McCain Foods, the world’s largest producer of frozen potato products, has unveiled plans for its second “Farm of the Future,” this time in South Africa. The project is part of the company’s drive to cut carbon emissions and tackle the impacts of climate change; it follows its first Farm of the Future that launched in Canada around a year ago.
- McCain has identified two South African locations totaling 465 hectares of irrigated land and 90 hectares of dryland on which it will grow 125 hectares of potatoes each year for use across the country using regenerative agriculture practices.
- These techniques, as outlined in McCain’s newly-released regenerative agriculture framework, include ensuring farm resilience, armoring soils — preferably with living plants, enhancing crop and ecosystem diversity, minimizing soil disturbance, reducing agro-chemical impact and optimizing water use as well as integrating organic and livestock elements.
- Working with 85 growers on this land, the project in South Africa will focus on enhancing productivity, while prioritising soil health, water efficiency, the reduction of agro-chemical inputs, and the introduction and preservation of biodiversity.
- McCain plans to open three Farms of the Future in different growing regions around the world by 2025.
Why it matters
The potato product producer’s largest customer is Mcdonald’s, but it also sells to other food services such as restaurants, fast food joints, and retail stores with a reach of around 160 countries globally, so its reach is significant.
McCain has pledged to support 100% of its direct growers in adopting regenerative agriculture practices by 2030 last year, which translates to around 370,000 potato acres.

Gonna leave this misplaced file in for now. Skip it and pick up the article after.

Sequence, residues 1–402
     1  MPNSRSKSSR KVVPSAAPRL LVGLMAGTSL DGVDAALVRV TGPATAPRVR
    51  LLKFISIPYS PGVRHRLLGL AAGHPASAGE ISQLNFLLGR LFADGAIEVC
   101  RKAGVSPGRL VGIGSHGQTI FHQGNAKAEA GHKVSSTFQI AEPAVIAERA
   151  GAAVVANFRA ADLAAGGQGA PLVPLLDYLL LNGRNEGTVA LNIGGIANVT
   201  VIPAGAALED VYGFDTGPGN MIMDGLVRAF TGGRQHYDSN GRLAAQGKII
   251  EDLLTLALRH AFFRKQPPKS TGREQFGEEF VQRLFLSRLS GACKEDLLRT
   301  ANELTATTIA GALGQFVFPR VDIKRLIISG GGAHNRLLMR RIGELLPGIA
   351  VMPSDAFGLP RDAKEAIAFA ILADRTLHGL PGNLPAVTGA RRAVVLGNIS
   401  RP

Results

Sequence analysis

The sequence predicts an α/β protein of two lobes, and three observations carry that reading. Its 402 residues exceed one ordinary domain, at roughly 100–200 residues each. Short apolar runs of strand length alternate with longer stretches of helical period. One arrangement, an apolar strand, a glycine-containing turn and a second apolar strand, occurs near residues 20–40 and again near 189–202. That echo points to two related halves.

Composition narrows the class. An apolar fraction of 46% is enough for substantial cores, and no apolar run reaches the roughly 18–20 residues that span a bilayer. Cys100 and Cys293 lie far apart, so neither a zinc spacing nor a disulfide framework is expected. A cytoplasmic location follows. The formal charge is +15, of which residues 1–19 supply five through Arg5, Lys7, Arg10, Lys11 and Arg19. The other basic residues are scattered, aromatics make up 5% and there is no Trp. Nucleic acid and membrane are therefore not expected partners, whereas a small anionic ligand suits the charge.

The first Farm of the Future launched last year in Florenceville, New Brunswick, Canada. Working with around 100 growers, it has already seen strong yields after just one year in operation and fertilizer application at the site is already down by more than 16% compared to typical McCain growers in the area. Given the struggles farmers currently face in access to fertilizer at reasonable costs, this is a significant reduction.
Various research shows that regeneratively grown crops can also turn a bigger profit for farmers than conventional operations, with some regenerative corn fields yielding 78% more profit.
What’s more, regenerative corn fields generated nearly twice the profit of conventionally managed corn fields. The regenerative fields registered up to 70% more profit than conventional cornfields.
What they say
“We know that investing in the soil to build grower resilience is the solution. McCain’s regenerative agriculture commitments are the mechanism through which we drive not only resilience in our grower base, but also reducing carbon emissions,” Jess Newman, senior director of agriculture & sustainability at McCain told AFN. “Climate change is an existential threat to the potato industry. We know that our growers and all regions are facing increased variability in crop failures. When we think about South Africa, we’re looking at water scarcity, increased incidence of pests and disease.”
“We know that investments in soil health can sometimes take ten to twelve years to really pay off to see that increase in organic soil matter. But that compaction difference in even one year was just so amazing to see. It’s been a great and successful first year in New Brunswick. We look forward to those wins, specifically in South Africa,” she added.
McCain CEO Max Koeune said the Farms of the Future project is vital in trying to make the global food system more sustainable.
“This is a critical moment. The strain that global supply chains are under right now is shining a stark light on how exposed we are, with a food system that requires a radical transformation to address the challenges of our century,” he said in a statement.
“If we don’t change the way we farm, feeding the world in 30 years will require an 87% increase in carbon emissions. The implications of that are bleak – and we cannot allow it to happen. Farmers are on the front line here – they see the impacts every day, with extreme weather wreaking havoc on the growing season. Working collaboratively, we believe this transformation will ensure both McCain and our farmers will have a business for generations to come.”
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